Science Pub Quiz: From Cosmos To G&Ts
It’s quiz time! Three fabulous listeners take on our questions - on everything from physics & space to the natural world. Who will emerge victorious and be crowned Big Brain of the Month? Plus, do grab a drink and play along at home!
In this episode
00:49 - Meet the contestants - and encyclopaedia corner
Meet the contestants - and encyclopaedia corner
Chris Berrow; Bhavesh Bulsara; Megan McGregor
Phil Sansom said hello to this week's contestants...
Phil - Well joining us this week for our quiz are, firstly, listener Chris. Hi, Chris, how are you?
Chris - I'm really good, thank you. Thank you so much for having me on. How are you guys doing?
Phil - Oh, great. Yes. Had a lovely weekend. Now, Chris, I've got to ask, what do you do? Because part of your time is spent making a podcast for the Naked Scientists, isn't it?
Chris - Yeah. So I'm very lucky that quite often I like to play computer games, and I can pretend that that's actually called work; and I make the Naked Gaming podcast for the Naked Scientists, which we do every month. And we've just started doing video versions of it. And it's all about game reviews, the latest news, big releases; but we like going old school as well, so retro revival is one of our big features; and occasionally we get a bit of science in there as well - we once did a feature about the science of Pokemon, and how actually recognising Pokemon from just their silhouettes actually improves your intelligence. So we like to combine it all together.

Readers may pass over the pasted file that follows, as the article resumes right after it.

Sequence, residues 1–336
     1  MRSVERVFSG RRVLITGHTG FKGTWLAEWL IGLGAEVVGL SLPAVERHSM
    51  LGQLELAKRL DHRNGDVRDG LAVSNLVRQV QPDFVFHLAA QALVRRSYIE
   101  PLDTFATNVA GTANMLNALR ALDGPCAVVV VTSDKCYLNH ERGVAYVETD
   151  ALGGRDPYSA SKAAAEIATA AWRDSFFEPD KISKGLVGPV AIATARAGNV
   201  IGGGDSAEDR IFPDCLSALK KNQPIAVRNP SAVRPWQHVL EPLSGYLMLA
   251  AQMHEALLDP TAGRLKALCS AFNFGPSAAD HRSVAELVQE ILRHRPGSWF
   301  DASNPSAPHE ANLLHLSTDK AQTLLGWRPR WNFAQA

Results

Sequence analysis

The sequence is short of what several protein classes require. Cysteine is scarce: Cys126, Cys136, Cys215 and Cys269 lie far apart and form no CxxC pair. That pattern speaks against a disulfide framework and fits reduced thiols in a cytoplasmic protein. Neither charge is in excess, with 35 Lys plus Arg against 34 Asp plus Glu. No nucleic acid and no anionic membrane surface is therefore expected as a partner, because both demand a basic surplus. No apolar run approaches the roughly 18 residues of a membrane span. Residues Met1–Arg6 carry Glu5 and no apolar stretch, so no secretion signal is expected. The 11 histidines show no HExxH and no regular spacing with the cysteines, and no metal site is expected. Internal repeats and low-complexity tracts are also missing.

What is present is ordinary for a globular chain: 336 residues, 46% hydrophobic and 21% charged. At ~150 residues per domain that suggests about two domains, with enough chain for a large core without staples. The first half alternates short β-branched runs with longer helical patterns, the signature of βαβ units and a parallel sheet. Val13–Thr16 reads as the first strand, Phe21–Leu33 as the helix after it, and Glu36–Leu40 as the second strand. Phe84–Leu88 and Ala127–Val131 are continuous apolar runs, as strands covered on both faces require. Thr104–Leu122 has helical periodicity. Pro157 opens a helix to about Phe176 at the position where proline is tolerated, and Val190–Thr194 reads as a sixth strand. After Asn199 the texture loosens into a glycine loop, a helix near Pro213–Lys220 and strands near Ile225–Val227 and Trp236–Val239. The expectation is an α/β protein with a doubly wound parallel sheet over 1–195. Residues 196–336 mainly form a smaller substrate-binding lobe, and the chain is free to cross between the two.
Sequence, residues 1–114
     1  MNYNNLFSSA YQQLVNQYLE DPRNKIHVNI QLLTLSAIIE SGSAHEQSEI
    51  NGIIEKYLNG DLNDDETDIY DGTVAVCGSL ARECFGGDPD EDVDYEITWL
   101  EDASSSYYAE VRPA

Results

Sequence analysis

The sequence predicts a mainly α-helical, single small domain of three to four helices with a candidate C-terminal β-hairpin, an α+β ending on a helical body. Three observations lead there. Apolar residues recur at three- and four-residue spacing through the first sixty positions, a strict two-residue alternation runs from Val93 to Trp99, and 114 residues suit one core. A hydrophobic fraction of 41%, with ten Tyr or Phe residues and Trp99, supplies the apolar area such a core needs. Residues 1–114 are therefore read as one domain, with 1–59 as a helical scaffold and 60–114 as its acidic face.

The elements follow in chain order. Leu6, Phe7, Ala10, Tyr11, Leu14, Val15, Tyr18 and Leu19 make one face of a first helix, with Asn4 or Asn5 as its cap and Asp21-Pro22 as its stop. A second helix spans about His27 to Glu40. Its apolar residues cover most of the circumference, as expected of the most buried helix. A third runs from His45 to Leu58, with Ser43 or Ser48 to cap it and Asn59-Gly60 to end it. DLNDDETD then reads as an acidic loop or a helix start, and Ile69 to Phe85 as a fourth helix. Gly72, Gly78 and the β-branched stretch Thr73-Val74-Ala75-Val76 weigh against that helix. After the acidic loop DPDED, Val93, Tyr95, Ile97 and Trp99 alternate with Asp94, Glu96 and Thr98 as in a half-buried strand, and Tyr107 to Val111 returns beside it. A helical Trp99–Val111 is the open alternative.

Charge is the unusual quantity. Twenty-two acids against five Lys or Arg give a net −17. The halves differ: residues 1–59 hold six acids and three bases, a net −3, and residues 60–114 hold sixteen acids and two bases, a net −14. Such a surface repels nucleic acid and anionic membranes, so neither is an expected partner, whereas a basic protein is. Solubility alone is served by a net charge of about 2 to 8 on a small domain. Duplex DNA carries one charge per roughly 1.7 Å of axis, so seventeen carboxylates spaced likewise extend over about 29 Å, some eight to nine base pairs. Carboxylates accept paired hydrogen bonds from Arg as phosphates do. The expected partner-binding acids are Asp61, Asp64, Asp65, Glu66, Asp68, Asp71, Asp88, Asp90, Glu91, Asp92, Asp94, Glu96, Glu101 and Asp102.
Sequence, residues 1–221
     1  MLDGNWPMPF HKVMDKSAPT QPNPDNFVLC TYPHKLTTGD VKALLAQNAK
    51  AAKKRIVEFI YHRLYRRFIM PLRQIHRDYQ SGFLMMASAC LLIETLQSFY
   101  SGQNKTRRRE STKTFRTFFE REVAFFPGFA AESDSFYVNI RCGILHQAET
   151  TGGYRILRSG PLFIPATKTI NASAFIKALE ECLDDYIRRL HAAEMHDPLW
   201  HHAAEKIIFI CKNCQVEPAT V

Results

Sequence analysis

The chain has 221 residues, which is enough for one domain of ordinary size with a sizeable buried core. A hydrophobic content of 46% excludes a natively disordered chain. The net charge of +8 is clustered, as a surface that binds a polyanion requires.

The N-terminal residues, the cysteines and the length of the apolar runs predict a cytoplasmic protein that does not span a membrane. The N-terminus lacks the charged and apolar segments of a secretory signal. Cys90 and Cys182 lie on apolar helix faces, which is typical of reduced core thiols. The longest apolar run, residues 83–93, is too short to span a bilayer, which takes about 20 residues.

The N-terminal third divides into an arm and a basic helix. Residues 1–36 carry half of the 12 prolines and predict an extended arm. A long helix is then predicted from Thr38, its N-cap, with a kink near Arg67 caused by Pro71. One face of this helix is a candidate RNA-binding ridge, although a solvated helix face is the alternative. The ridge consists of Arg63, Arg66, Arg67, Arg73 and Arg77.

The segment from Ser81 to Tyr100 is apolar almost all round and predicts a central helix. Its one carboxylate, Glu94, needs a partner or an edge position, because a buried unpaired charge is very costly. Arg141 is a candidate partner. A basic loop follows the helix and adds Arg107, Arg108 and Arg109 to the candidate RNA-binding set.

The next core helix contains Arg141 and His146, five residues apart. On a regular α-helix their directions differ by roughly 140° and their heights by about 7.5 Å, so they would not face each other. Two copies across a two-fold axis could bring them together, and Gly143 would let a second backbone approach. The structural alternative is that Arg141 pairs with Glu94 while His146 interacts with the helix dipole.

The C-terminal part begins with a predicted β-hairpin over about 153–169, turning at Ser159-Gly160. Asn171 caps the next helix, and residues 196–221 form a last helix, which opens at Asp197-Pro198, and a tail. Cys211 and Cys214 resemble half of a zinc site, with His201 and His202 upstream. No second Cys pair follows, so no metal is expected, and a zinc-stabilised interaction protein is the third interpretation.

Phil - Do you then have a favorite game? And is it the Who Wants to Be a Millionaire game version?
Chris - Do you know, on the way back from - because I co-present the show with my genuine wife - so on the way back from our honeymoon we were playing with the Who Wants to Be a Millionaire quiz on the plane. I like to think that that's good training for this! And she may make a cameo appearance because I'm very pleased that you said grab a drink and play along. I think she might be bringing one later on. So I'm excited for that.
Phil - She's very, very welcome. It's great to have you here, Chris. Alongside Chris is Bhavesh from London. Bhavesh, how are you?
Bhavesh - I'm fantastic. How are you doing my friend?
Phil - Very, very good. Now Bhavesh what do you do?
Bhavesh - I currently do customer service, and I study a lot!